Campaigners defeat woodland ‘war games’ plan for Stratton Strawless
A plan to extend a combat games battlefield in woodland at Stratton Strawless has been defeated following staunch local resistance from villagers.
A round of public applause greeted the decision made by Broadland District Council’s planning committee earlier today, which rejected the proposals against the recommendations of planning officers.
The council received more than 40 letters of objection to the application, which sought permission to host military-themed games in the 45-acre Shorthorn Woods, up to 96 days per year.
The complaints included the noise levels from air guns and explosions, an increase in traffic, a fire risk from campers and the impact on the tranquility of the village, between Norwich and Aylsham.
Other concerns related to the “intimidating” sight of camouflage-clad competitors running around in woodland surrounding properties and gardens, and the potential disruption to wildlife – in particular grass snakes, deer and bats.
But the district’s ecology and environmental health officers had not objected to the plans and suggested they should be approved for a temporary period, subject to conditions including the creation of “buffer zones” and the implementation of a hazard management plan.
The objectors were led by Trevor Dann, chairman of Stratton Strawless Parish Council, who read from an advert describing the activities as “gritty and exciting military-themed action.”
“There may well be a demand for it, but to site one in the middle of our small village is insane,” he said. “It is an unsustainable and environmentally damaging application. The woodland is home to many birds and animals, not to mention the deer which roam through there at will.”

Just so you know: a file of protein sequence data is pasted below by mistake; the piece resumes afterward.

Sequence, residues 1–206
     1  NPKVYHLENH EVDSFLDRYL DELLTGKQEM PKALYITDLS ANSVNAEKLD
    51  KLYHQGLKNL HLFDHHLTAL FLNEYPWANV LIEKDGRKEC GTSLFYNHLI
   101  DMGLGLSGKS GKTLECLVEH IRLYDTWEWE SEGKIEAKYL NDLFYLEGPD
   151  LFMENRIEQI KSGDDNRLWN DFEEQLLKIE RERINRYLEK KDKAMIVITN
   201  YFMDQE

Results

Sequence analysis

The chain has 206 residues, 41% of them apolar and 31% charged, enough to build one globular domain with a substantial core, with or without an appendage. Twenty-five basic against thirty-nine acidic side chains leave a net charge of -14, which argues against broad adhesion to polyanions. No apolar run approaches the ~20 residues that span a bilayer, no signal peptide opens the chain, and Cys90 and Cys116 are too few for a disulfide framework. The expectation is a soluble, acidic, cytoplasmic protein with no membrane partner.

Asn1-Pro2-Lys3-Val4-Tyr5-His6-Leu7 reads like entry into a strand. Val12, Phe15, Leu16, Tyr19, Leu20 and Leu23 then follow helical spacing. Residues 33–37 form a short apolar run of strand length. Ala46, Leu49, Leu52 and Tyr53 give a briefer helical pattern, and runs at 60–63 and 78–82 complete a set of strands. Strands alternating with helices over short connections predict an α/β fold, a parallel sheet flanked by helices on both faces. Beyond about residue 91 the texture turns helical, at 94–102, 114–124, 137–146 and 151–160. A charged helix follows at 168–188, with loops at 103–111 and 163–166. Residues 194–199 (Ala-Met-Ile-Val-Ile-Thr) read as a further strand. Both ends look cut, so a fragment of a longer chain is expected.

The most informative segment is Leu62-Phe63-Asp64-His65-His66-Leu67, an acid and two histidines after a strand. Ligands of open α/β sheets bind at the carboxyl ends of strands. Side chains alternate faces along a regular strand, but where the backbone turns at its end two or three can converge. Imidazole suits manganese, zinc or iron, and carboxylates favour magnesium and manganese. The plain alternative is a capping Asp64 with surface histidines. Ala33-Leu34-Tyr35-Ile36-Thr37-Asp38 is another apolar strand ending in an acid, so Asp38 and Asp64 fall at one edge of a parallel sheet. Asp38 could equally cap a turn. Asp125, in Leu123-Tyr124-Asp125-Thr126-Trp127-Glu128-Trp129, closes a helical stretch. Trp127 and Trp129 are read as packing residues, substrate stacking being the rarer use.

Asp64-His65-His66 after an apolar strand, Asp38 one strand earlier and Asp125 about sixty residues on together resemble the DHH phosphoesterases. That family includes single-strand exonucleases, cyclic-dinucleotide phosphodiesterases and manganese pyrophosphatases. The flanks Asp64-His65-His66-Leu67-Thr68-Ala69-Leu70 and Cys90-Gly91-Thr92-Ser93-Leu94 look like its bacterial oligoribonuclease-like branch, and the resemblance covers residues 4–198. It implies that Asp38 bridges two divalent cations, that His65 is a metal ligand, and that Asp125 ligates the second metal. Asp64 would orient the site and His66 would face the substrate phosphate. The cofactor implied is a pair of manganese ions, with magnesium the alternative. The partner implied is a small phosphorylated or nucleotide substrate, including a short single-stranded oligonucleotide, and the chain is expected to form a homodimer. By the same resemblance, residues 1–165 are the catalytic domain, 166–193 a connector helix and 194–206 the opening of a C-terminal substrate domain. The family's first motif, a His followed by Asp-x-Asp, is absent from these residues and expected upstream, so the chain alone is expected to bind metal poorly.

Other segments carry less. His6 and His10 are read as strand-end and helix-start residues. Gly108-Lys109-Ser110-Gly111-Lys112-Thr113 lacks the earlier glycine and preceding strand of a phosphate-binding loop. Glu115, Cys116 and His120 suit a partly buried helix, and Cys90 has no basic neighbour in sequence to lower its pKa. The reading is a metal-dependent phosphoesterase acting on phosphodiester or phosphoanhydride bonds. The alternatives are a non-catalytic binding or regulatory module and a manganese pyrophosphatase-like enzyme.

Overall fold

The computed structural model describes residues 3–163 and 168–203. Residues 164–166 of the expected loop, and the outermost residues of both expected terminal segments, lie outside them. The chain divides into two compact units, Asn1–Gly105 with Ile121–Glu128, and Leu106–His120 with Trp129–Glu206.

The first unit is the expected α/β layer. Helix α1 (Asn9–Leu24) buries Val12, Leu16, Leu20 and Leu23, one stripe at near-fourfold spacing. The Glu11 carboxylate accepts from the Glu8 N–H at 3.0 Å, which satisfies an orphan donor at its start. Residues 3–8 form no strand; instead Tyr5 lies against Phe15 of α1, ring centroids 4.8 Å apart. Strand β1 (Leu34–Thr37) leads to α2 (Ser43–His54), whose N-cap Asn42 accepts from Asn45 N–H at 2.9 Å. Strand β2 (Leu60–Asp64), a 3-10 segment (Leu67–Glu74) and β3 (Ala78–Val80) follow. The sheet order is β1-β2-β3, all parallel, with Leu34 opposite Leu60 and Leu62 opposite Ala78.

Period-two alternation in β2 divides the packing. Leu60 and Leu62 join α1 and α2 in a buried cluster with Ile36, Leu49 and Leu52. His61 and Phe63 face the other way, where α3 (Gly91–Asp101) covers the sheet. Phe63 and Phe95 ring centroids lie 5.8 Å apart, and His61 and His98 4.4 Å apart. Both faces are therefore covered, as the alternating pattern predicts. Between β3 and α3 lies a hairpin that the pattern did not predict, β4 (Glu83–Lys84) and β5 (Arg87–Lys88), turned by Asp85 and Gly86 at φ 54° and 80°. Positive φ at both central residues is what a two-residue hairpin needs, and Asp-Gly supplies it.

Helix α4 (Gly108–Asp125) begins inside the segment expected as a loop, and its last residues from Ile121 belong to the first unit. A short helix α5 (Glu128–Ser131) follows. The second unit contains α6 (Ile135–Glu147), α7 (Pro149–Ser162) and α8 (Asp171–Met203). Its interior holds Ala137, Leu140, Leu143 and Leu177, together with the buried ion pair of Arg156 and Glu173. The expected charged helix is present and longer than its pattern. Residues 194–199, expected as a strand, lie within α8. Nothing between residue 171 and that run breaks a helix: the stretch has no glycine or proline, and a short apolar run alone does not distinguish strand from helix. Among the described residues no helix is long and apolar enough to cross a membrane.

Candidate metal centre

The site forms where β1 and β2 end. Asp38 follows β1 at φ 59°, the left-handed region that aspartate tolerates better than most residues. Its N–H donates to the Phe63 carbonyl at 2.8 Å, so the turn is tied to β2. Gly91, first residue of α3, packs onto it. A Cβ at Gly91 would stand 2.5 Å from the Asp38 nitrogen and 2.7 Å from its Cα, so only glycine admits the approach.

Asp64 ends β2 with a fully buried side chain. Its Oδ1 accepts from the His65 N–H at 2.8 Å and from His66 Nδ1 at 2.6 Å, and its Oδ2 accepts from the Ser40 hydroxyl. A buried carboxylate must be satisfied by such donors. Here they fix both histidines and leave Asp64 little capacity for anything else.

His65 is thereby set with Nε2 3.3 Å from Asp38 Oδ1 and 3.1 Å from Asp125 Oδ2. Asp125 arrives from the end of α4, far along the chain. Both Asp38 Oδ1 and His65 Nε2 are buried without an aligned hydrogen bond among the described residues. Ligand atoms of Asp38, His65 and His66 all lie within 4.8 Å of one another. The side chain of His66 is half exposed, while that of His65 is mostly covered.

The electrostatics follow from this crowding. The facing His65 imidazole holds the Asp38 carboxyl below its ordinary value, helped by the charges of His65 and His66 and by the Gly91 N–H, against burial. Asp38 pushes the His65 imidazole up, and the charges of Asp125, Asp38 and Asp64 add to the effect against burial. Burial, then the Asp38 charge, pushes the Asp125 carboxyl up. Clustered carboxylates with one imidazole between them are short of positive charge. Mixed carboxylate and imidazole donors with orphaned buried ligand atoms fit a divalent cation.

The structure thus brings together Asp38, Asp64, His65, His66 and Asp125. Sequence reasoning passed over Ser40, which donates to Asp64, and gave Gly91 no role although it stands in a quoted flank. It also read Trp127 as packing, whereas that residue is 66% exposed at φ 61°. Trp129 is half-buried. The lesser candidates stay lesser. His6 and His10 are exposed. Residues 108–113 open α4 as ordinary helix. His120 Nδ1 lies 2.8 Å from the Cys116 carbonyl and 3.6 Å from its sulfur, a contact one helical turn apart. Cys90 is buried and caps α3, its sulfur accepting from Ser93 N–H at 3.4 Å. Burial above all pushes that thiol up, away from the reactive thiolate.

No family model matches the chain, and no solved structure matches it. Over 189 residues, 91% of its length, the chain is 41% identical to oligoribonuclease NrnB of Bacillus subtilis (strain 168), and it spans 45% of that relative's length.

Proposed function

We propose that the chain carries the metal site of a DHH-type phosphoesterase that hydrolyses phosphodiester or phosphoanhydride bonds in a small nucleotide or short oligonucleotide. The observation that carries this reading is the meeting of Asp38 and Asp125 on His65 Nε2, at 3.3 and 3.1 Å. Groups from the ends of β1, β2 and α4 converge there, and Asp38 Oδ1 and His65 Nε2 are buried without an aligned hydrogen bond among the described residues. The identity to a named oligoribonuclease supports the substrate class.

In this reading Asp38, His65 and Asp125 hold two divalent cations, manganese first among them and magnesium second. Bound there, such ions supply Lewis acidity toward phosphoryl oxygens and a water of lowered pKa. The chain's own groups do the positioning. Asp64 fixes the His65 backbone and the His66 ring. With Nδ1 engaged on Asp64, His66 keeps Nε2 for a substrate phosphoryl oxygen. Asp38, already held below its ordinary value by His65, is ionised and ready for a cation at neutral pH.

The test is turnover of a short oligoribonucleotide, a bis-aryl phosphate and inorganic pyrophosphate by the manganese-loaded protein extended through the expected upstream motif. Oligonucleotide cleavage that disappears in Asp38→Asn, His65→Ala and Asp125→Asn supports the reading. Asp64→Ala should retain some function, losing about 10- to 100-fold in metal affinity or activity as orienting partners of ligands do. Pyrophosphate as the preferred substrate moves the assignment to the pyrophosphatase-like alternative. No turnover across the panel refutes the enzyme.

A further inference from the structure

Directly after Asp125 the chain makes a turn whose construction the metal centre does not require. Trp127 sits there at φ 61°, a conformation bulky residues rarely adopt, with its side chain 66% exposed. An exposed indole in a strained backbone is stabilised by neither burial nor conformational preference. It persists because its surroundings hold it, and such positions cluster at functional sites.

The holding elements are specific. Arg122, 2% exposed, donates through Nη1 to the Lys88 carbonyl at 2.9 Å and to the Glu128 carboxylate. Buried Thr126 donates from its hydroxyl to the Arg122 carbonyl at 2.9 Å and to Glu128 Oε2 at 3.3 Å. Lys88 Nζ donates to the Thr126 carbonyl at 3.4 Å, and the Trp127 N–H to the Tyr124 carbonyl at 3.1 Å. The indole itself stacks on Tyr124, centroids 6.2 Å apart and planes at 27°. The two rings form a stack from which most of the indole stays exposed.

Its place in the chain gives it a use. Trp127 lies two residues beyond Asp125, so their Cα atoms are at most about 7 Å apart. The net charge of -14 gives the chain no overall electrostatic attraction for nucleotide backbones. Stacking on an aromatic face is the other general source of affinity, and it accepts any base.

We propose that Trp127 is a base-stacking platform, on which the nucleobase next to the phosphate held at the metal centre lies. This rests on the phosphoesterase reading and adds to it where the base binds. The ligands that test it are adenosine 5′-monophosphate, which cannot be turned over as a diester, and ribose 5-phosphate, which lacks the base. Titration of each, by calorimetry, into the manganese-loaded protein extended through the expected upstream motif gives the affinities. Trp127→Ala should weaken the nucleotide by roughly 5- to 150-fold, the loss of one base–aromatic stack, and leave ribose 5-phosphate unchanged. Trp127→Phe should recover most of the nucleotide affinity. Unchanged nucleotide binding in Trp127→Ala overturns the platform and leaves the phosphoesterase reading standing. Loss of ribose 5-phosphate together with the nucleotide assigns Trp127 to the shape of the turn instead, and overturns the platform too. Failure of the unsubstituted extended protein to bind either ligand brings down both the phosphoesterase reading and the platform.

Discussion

Sally Bish, a neighbouring resident, said her family could see part of the site from their home. “It means we can also be seen very easily by those taking part,” she said. “This has devastated our privacy, as anybody can run and creep around our garden boundary in full combat gear, with masks on, letting off explosions – and we have to tolerate it. It is very intimidating.”
The applicant Joshua Smith, from Peterborough, said combat games activity had been taking place in the area since August 2008, when events began running once a month.
“The activity and the noise had been going on since 2008, but we had no complaints whatsoever until I dropped a (storage) container in there in September 2011. I attended a parish council meeting in February 2012 to discuss the possibility of making the site work, but it has been a closed door ever since.”
Peter Balcombe, one of the committee members who voted against the scheme, said: “It is an alien development which does not appear to bring any natural benefit to local people, and questionably threatens the wildlife in this woodland. It should be thrown out.”